By Robert Iroga in Honiara
A legal challenge will be filed in the High Court this week in a bid to block the Solomon Islands government’s decision to temporarily ban Facebook from the country.
Prime Minister Manasseh Sogavare announced yesterday in Parliament that his government would push ahead with the temporary suspension, citing cyber-bullying, abuse and a threat to national security among his reasons.
He said the suspension would come into force once consultation with stakeholders had been completed.
Sogavare confirmed Facebook would be blocked from Solomon Islands until a law was in place.
But while Sogavare is still planning to shut down Facebook, he faces a legal challenge.
Fresh from hearing the prime minister’s latest statement yesterday, one individual who has already defeated the state in a court battle over Facebook is challenging the Sogavare government’s decision.
Blogger Peterson Boso, 44, who is popular for his posts on Sore Boko, is the frontline man challenging the government.
“Yes my lawyers are putting together our challenge. We will challenge the government on behalf of the people,” Boso told SBM Online today.
“I feel the government is wrong but the only way to prove that is via the High Court.”
Two months ago Boso walked free from court after a judge found that there was no law to govern Facebook in the Solomon Islands to deal with his case.
Boso posted on his Facebook page that Solomon Islands had had its first case of covid-19 at a time when there were no confirmed cases in the country.
The state alleged Boso’s post was in breach of the state of public emergency but it failed to prove this in court.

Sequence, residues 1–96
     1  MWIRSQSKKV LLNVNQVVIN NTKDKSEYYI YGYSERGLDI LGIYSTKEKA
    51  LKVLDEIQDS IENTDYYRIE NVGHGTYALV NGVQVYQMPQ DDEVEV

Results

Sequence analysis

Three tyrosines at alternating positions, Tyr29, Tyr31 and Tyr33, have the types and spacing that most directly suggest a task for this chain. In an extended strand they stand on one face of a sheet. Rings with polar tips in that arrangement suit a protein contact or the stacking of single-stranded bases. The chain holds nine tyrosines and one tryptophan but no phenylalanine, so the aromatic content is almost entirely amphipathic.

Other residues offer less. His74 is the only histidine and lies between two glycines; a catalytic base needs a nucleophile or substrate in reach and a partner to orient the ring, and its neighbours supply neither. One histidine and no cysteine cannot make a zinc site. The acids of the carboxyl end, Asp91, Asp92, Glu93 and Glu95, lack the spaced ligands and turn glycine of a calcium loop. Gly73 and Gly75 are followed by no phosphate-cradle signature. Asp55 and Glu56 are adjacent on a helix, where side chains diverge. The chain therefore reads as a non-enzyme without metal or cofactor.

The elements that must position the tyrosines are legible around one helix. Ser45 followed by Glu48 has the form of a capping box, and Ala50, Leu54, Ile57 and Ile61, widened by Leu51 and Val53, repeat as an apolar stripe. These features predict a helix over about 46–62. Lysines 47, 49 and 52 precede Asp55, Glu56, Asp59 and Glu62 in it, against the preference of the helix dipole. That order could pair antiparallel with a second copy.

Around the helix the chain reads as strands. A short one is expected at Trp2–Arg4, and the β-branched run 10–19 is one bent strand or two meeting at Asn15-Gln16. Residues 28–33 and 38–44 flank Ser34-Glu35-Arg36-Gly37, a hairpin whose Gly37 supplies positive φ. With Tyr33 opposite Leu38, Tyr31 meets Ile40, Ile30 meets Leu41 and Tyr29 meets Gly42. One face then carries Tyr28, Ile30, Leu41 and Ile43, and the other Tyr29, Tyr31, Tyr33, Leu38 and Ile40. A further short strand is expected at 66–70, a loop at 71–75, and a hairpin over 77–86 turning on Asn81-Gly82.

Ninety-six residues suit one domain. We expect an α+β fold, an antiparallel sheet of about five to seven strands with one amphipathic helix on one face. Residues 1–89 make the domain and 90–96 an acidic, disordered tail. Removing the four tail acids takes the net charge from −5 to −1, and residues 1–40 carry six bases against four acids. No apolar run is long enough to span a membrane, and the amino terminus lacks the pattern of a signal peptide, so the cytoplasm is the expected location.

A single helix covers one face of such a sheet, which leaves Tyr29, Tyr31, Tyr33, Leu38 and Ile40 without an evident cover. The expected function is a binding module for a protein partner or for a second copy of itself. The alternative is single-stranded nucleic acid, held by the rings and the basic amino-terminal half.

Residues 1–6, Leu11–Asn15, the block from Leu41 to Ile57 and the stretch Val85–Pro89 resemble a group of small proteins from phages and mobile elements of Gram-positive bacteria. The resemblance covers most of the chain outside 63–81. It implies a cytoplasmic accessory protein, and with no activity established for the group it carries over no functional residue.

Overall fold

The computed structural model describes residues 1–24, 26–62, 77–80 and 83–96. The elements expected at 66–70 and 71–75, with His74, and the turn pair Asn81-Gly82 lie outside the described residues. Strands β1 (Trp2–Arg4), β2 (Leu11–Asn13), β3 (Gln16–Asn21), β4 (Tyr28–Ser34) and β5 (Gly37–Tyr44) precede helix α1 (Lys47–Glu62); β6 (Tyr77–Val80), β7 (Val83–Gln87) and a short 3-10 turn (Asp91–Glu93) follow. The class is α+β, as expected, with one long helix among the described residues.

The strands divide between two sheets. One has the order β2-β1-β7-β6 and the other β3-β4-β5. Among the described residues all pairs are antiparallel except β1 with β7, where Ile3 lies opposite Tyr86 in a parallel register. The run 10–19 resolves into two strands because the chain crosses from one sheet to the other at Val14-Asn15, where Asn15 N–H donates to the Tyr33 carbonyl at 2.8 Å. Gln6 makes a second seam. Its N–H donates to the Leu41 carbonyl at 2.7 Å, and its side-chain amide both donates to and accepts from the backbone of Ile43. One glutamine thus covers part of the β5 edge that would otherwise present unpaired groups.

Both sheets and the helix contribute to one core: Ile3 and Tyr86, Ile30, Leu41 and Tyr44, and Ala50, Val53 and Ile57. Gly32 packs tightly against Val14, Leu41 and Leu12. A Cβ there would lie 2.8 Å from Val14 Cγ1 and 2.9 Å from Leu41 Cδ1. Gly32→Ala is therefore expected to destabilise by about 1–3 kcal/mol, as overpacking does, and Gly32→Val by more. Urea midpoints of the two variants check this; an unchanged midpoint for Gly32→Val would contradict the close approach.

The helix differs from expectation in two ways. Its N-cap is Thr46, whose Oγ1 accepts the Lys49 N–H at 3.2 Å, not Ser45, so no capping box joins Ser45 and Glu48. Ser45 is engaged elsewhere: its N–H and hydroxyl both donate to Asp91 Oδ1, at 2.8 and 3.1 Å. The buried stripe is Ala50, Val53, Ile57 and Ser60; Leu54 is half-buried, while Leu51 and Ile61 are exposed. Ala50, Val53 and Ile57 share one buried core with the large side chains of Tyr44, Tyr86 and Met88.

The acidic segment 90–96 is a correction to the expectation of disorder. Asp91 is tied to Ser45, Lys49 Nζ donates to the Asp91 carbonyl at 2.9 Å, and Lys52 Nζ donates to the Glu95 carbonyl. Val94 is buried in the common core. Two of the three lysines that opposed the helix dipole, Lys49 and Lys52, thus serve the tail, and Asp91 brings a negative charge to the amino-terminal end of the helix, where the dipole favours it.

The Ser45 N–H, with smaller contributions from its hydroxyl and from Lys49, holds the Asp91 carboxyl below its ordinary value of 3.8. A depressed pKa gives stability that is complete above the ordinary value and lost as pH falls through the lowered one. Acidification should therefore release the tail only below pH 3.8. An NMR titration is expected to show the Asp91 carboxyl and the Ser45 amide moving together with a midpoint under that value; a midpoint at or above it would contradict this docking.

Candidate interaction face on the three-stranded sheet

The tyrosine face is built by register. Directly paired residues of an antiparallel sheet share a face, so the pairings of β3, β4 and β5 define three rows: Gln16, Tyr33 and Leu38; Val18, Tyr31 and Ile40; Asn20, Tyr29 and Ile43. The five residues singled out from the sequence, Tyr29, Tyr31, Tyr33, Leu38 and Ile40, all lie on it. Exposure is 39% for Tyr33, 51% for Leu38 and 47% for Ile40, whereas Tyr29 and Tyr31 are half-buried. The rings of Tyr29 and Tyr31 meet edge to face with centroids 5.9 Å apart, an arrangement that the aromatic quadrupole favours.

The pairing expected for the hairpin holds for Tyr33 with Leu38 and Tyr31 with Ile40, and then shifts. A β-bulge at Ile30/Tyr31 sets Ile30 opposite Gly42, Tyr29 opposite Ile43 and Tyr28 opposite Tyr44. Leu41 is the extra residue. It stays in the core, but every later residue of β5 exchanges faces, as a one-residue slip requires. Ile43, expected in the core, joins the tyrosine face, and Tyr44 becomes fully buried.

Now Boso is leading the charge against the government and will challenge what he considers as an unlawful action.
He said the government’s role was to a make law to regulate Facebook users and administrators.
Ban ‘going too far’
“But to ban it now is going too far. We have a Telecommunication Commission that deals with service providers such as Telekom and Bmobile,” he said.
Boso added that there was currently no law and so to suspend or ban Facebook now was unconstitutional.
“The law permits that our rights can be restricted only if prescribed by law. So far there is no applicable law,” he said.
“See, only the court can declare that the government’s decision infringes our rights. And only to extent or degree of infringement the court can declare that government’s decision is inconsistent with the Constitution.”
According to Boso’s lawyers they would be filing a restraining order against the government to stop it from suspending Facebook.
The government decision has been very unpopular and the country’s many Facebook users criticising the government on social media platforms.
Robert Iroga is editor and publisher of Solomon Business Magazine. Articles are republished with permission.